Tahoe-Pyramid Lake trail getting $2M boost to finish final California section | SierraSun.com

Tahoe-Pyramid Lake trail getting $2M boost to finish final California section

Margaret Moran
mmoran@sierrasun.com

An image of the steep slope below I-80 where the Hirschdale-Floriston trail segment is planned to be constructed between the freeway and the Truckee River.

TRUCKEE, Calif. — A long-distance bike trail envisioned to link Lake Tahoe with Pyramid Lake could close a significant route gap along the Truckee River in the coming years thanks to a $2 million federal grant.

Last week, California State Parks announced the Tahoe-Pyramid Bikeway is one of nine non-motorized trail projects in the state recommended for funding under the Federal Highway Administration's Recreational Trails Program.

Of $8.4 million available, the Tahoe-Pyramid Bikeway is recommended for nearly $2.02 million to complete the three-mile trail gap from Hirschdale to Floriston along the Truckee River in Nevada County.

"This is a game changer," said Janet Phillips, president of the nonprofit Tahoe-Pyramid Bikeway. "We've been inching our way toward completing the trail, and having this grant to finish the canyon portion is really huge."

Only one project was recommended to receive more funding — roughly $2.47 million for a 1.25-mile paved multi-use trail segment along the San Sevaine Channel in Southern California.

The Tahoe-Pyramid Bikeway was one of 74 applications received for the federal program, requesting $60.1 million, according to California State Parks.

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Projects recommended for funding either develop new trails that connect neighborhoods to outdoor recreation areas, schools or workplaces, or those that close critical trail gaps to expand trail systems, according to State Parks.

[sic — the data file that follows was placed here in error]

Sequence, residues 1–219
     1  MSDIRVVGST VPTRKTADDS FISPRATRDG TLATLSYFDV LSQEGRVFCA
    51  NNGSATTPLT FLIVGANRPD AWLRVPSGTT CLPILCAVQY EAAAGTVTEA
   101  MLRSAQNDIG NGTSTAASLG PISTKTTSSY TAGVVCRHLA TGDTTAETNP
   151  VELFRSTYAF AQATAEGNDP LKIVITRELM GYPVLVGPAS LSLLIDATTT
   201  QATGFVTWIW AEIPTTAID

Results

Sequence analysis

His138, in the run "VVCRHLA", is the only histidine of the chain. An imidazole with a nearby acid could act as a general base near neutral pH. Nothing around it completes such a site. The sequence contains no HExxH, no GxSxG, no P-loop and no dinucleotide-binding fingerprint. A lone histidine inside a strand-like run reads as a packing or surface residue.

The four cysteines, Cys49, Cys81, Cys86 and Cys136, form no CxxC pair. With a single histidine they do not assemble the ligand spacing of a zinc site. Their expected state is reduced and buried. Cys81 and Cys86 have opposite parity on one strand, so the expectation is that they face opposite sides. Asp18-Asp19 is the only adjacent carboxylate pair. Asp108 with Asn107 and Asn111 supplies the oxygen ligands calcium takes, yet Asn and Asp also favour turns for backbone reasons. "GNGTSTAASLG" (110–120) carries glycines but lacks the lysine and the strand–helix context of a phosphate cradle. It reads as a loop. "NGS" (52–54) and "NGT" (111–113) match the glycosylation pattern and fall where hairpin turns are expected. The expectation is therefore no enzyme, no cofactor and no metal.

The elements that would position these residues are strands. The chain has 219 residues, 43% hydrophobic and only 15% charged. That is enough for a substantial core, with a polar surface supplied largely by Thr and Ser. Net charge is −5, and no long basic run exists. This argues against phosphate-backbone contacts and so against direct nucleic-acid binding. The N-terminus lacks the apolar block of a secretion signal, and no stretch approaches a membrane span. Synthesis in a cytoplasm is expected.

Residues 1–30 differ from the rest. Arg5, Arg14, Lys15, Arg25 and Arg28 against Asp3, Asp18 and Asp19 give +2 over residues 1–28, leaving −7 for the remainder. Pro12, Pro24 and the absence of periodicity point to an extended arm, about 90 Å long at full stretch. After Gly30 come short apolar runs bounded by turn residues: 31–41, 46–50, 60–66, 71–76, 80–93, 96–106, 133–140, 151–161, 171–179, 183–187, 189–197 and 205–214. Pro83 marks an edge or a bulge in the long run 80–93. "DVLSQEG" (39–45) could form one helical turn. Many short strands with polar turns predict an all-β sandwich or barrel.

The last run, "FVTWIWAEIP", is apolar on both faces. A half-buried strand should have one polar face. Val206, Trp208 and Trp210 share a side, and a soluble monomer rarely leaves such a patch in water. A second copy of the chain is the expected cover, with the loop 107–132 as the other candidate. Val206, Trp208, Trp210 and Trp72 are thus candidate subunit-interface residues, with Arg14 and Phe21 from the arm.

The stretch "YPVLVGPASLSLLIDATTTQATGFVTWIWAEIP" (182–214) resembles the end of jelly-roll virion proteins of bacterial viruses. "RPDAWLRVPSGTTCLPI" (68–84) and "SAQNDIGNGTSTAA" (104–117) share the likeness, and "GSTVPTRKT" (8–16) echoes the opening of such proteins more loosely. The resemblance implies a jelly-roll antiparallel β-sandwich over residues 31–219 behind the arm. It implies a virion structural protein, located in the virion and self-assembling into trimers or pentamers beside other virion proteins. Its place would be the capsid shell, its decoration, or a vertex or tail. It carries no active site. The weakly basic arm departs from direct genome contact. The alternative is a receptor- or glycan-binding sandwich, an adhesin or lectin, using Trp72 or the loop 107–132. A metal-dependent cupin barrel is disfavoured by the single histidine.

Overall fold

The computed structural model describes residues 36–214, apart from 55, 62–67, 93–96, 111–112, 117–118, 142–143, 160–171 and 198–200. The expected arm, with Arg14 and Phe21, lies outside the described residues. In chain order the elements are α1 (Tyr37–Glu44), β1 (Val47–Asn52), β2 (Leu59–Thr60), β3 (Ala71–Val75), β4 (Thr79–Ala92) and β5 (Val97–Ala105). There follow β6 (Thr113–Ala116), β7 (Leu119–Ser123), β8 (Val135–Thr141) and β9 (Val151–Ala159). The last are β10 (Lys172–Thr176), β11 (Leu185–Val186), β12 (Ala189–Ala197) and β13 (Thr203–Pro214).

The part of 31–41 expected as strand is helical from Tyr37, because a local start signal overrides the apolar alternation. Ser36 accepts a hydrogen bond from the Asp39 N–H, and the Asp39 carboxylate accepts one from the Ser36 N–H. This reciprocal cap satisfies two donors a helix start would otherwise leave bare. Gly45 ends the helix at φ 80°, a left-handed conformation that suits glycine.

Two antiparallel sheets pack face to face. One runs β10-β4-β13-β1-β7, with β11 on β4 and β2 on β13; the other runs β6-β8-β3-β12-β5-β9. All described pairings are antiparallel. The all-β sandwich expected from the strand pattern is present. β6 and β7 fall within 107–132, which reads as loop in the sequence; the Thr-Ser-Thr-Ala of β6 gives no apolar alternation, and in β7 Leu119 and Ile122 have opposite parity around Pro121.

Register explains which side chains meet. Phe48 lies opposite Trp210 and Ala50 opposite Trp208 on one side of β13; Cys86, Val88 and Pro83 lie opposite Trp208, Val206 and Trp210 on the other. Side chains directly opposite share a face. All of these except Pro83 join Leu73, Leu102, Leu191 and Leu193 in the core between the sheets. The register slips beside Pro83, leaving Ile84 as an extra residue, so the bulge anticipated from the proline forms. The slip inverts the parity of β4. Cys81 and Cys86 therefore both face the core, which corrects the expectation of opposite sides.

Once built, the Hirschdale-Floriston segment will close the bikeway's final gap in California, allowing cyclists to ride continuously from Tahoe City to Sparks.

It's a particularly difficult portion to construct, Phillips said, since it traverses the steep and rugged terrain of the Truckee River canyon.

"The canyon was developed with the (Union Pacific) railroad getting the best land and the (Interstate 80) freeway getting the second best, and we're trying to squeeze into the remaining ground," she said. "… Without that grant, I don't know how we would have gotten that section built."

As the bikeway's partner, funding will go to Truckee-Donner Recreation & Park District for the project, which includes construction of a dirt trail, retaining walls and a cantilevered catwalk.

To secure funding, projects must comply with various federal requirements, be approved by the Federal Highway Administration and raise 12 percent in matching funds.

Phillips said she is optimistic the nonprofit can raise the $300,000 matching funds needed in time for trail construction.

Several permits still need to be secured to build the three-mile link, she said, with construction aimed to start in 2017 and completion anticipated as early as fall 2018.

Its completion will make the envisioned 116-mile bikeway 80 percent complete, leaving only two trail sections in Nevada — Sparks to Mustang and Clark to Wadsworth — undone.

When asked about hurdles faced in completing the bikeway, Phillips said: "In California, it's about terrain and funds. In Nevada, it's mostly about private landowners."

Phillips hopes the entire Tahoe-Pyramid Bikeway is finished by 2023 — 20 years after the concept went public and donations received for implementation.

Once finished, the route will descend more than 2,000 feet over 116 miles, using a combination of existing dirt and paved roads along with sections of new trail and bridges.